Dave Ramsey is a businessman and entrepreneur who accumulated a $4-million real-estate portfolio, only to lose it all - and nearly everything else he owned - by making the same mistake millions of Americans make every day: he got too far into debt to get out. Dave Ramsey is also a Christian family man who, through the turmoil of his financial nightmare, discovered a new way of life. He shared the lessons he learned by writing Financial Peace, a simple but powerful guide that offers practical lessons on how to get out of debt - and stay out.
©1998 Dave Ramsey (P)2011 Penguin Audio
Learning what all of the the different kinds of investments are and the basics of investing.
Listening gave me validation for the need to revisit my philosophy on money and growing wealth through service more than sheer hard work.
How I will build my investment portfolio and how I will treat money in the present for my future.
Dave is a stud
This book is great general advice for someone who wishes to get out of debt and eventually build wealth. The advice on the recommended stock market portfolio, however, is extremely dated (by about 20 years) and even for that time it wasn't very sound. The author's assertion, for example, that international mutual funds outperform the general stock market is historically untrue. His lack of emphasis - and to some degree his dismissal of the impact fees make on mutual funds returns - has also proven to be false. I recommend getting your stock/mutual fund investing advice elsewhere. While this book is very weak on actual stock/mutual fund investing advice, it is very strong on understanding debt and practical approaches for getting out of it.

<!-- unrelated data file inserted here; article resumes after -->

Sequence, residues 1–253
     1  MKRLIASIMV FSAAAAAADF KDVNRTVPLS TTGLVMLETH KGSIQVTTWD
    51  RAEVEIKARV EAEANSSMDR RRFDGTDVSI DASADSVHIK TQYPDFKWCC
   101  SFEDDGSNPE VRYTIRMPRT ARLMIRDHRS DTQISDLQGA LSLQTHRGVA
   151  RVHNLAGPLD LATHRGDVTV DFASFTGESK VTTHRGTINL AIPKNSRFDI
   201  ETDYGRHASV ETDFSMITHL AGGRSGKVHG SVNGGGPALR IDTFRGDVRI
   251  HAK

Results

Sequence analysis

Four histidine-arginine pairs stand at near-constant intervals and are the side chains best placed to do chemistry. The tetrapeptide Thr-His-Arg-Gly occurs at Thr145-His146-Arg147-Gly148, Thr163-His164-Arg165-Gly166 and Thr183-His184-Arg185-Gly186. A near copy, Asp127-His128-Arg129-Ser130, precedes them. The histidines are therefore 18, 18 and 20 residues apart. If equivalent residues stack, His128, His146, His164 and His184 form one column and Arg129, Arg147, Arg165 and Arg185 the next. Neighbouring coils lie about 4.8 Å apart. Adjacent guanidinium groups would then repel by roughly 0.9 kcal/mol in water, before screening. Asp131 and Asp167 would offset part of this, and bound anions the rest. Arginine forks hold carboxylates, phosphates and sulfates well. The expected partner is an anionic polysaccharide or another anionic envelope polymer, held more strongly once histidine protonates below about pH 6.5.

As long as the reader understands that this book needs to be understood in today's context/today's dollars, this is real meat and potatoes content on debt reduction and financial liberty.
This book gives solid tips for establishing financial stability, not just on monetary advice, but putting yourself in the right mindset to use it. Financial Peace lays the groundwork to make the most of your money, and have more self control as far as impulse spending.
This book is a keepsake to let my children listen to when they launch out into the world to help keep their finances on track. It is down to earth, common sense put in layman's and doable terms so you can put a plan in place that works for you.
This book is for young and middle-aged readers, was not really any help for older readers.
Yes..he is a great financial advisor.
Yes. Good advice for money management.
Generally yes. Some comments outdated.
OK book on fundamentals
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